CAMs, which stands for Critical Audit Matters, came into existence after new auditing standards were implemented in 2017. CAMs are the first significant change to audit reporting in decades, and with those changes come several questions from people who have been auditing for years.
These changes were made to fill a perceived need for more relevant information to investors about corporate audits. The changes now require auditors, new and old, to provide more information in their reports than was ever required before.
Audit committees are now mandated by corporate policy to report CAMs, which in essence are especially subjective, complex, or challenging judgment calls by the auditor. Oftentimes, this info will be about disclosures and material accounts that are reported to the audit committee.
AS 3101 Law
The PCAOB, or otherwise known as the Public Company Accounting Oversight Board, took on a set of new auditing standards called “AS 3101” on June 1, 2017. In response, many companies put this into effect for their 2017 batch of yearly audits. Larger filers in need of acceleration are required to comply with new CAM standards by June 30, 2019. Other companies, in the meantime, are given until the end of December 15, 2020, to conform to the new CAM standards.
As for changes to the auditor’s report itself, those changes must be made on or before the fiscal date of December 15, 2017. It won’t be required of auditors to abide by the rules for communicating CAM if they are already reporting under the SEC Act of 1934 Rule 17a-5.
Details of a CAM report
New auditing standards are given by the PCAOB now require the auditor to disclose their tenure with their respective companies. In addition to that, here are a few other things that a CAM report must have to provide more detail to the committee.
- Companies are required to address an auditor’s report to the shareholders and the board, not just the committee.
- Standardizes the form used by all auditors that fall under the criteria for new PCAOB standards
- Discloses whether the company’s auditor is in-house or independent.
- The phrase “whether due to error or fraud” is added to all descriptions of an auditor’s new responsibilities under PCAOB standards.
- Auditors are required to disclose CAMS and how they were dealt with in the audit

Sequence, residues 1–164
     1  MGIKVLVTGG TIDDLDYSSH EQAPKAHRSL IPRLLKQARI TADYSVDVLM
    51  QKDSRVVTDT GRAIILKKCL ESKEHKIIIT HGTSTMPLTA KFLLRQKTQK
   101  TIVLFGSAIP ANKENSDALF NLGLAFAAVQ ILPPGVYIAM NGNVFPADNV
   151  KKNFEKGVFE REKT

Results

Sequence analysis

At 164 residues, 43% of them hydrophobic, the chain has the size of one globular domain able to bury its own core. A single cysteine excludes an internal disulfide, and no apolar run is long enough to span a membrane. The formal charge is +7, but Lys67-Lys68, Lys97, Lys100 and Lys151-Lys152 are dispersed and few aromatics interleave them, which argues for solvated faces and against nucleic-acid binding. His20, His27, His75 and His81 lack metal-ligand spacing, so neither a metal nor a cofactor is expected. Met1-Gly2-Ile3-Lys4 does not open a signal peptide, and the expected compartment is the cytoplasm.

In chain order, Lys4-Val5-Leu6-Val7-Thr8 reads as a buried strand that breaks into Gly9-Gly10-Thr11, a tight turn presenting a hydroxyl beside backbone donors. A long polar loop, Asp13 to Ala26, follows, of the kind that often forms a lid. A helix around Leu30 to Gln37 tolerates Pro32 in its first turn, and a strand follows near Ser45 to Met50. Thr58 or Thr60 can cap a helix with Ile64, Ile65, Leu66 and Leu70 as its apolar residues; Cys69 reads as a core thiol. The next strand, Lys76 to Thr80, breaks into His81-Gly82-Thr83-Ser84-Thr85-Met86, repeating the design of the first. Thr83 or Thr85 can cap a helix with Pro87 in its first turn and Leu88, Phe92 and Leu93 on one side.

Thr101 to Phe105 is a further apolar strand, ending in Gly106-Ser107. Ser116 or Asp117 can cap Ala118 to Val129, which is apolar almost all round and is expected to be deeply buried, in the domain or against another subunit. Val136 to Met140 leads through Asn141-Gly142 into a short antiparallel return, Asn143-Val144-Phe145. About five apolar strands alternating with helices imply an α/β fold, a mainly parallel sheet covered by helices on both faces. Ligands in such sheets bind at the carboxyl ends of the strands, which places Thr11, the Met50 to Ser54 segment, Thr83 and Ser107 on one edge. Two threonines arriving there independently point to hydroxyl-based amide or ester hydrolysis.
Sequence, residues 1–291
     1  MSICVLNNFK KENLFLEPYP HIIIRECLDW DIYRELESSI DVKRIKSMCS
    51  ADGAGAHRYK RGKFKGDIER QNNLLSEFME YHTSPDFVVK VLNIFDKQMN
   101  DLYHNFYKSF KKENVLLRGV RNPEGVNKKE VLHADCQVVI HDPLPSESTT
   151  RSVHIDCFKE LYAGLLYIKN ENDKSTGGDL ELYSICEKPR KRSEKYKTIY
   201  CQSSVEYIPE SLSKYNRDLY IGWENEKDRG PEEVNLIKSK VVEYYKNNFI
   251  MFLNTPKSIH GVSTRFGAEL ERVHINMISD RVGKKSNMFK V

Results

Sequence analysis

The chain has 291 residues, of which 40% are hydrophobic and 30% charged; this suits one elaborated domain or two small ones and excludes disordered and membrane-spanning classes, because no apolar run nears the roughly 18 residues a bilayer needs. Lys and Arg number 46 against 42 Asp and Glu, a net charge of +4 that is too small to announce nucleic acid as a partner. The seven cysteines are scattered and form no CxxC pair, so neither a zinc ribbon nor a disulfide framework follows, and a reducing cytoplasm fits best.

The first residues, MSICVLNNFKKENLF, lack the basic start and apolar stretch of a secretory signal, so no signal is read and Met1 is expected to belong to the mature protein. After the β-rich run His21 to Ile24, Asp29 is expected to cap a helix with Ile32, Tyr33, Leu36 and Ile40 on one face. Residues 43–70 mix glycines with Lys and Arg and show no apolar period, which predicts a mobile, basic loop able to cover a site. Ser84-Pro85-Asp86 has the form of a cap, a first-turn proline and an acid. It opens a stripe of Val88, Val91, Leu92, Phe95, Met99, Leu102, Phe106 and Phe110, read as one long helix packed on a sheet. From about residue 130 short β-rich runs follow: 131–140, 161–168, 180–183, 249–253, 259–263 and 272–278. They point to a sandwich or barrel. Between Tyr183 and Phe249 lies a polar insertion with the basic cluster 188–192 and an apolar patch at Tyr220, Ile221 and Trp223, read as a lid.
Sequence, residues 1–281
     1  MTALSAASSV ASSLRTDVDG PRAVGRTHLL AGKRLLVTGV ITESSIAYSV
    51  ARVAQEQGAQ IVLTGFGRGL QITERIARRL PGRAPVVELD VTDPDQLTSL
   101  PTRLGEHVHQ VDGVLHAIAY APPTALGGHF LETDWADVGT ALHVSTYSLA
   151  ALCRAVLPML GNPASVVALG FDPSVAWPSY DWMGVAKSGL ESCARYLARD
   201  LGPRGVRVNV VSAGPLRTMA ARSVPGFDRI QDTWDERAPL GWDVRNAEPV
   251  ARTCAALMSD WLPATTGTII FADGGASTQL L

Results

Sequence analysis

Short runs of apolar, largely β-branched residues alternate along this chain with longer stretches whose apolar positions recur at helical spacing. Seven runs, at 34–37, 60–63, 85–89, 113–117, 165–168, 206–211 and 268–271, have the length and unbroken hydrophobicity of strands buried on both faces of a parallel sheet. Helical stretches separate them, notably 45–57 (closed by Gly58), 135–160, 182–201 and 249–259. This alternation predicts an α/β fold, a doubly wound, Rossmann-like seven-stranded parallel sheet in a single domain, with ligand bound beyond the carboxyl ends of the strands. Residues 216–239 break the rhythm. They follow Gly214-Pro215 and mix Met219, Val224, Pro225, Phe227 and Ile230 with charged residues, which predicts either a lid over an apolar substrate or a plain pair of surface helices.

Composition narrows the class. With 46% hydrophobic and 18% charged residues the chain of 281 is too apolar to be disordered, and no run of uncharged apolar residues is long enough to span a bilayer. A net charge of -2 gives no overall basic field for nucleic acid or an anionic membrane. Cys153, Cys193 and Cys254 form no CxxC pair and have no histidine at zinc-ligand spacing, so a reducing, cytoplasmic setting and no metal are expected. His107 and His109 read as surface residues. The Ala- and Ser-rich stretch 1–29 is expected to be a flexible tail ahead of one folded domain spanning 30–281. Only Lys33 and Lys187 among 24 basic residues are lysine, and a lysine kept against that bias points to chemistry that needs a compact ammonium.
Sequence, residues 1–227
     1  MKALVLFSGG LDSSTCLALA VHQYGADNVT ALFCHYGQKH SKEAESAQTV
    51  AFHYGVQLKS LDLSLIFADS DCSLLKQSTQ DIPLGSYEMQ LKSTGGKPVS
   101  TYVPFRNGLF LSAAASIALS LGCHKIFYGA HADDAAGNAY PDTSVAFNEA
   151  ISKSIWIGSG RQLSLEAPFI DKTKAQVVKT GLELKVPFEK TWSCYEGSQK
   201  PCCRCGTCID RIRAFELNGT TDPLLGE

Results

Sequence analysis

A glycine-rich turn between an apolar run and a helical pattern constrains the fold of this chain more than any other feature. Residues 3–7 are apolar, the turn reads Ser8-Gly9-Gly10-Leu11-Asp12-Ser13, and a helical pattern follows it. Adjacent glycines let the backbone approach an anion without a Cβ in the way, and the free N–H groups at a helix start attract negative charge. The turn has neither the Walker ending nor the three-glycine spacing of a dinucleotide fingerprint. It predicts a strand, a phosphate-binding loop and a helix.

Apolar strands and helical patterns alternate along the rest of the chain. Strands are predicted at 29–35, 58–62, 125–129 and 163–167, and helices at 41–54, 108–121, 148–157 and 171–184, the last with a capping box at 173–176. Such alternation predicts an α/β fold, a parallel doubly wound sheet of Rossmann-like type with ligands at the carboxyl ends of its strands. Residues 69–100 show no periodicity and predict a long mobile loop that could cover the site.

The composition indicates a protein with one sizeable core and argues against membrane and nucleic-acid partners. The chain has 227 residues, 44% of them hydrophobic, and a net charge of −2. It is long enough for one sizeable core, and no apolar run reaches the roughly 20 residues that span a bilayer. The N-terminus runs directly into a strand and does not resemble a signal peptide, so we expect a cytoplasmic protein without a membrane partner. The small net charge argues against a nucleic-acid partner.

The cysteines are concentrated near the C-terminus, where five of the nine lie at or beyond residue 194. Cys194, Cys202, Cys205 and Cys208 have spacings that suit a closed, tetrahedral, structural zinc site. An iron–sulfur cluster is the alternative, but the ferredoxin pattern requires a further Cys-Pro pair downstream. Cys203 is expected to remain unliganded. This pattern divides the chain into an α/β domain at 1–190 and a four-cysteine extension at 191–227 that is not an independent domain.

- Auditors must refer to their management’s relevant disclosures
Factors when creating a CAM report
A detailed assessment of the risks of material misstatements by the auditor themselves estimates that dictated the auditor’s final financial statements, alongside statistics from the management team and any uncertainties. The timing of unusually important transactions as well as how their nature relates to the effort and evaluation given to them the subjectivity of the auditor in applying the auditing procedures to important matters, as well as in their evaluation. The extent of necessity on the auditor’s part about to detail the matter. This takes into account any specialized skills or knowledge that were not in the engagement teams’ sphere of responsibility.
Examples of CAMs
- There are a lot of complicated laws and technical terms associated with CAMs, so it’s about time we use some examples.
- Companies with material goodwill in their financial statements are an example of a possible CAM assessment. Goodwill impairment in particular is what can bring about the need for a CAM. Goodwill impairment is essentially a charge applied when a company’s goodwill is outvalued by a company’s financial statements (assets and liabilities). Goodwill is recorded after the assets and liabilities are recorded, which is why it is considered a complex judgment.
- Another example is potential loss contingency, wherein a company’s loss is discovered to not be in the financial documents and a remote incident. This is not considered a matter for CAM. However, it is a situation that occurs when there are expenses charged for a probable future event, such as loss of resources from an accident or a lost lawsuit.
Conclusion on CAMs
Not everything will fall under the definition of a CAM, and that is one of the most difficult things about including them in reports. Even things that would be considered significant risks can sometimes not be qualified for a CAM. Not all matters, regardless of risk, are particularly challenging, subjective, or complex. For example, as seen above with loss contingency, that does not fall under CAM since it’s just a straightforward loss of money with no subjectivity.
On the other hand, goodwill is such an intangible value that it requires judgment from the committee, the auditor, shareholders, and the board of directors. A report’s complexity will determine how many CAMs it actually has, and once people are used to its standards, it is not expected to make the auditing process all that different. Regardless, most audits are expected to have at least one CAM attached to them. Make sure that as an auditor or a company, you work together to spot any and all complex matters and regard them as such.
With remote work slowly becoming a new alternative, ask yourself “can my audits be done remotely?” because this can help you work with your auditor or company on filing your reports from wherever you may be.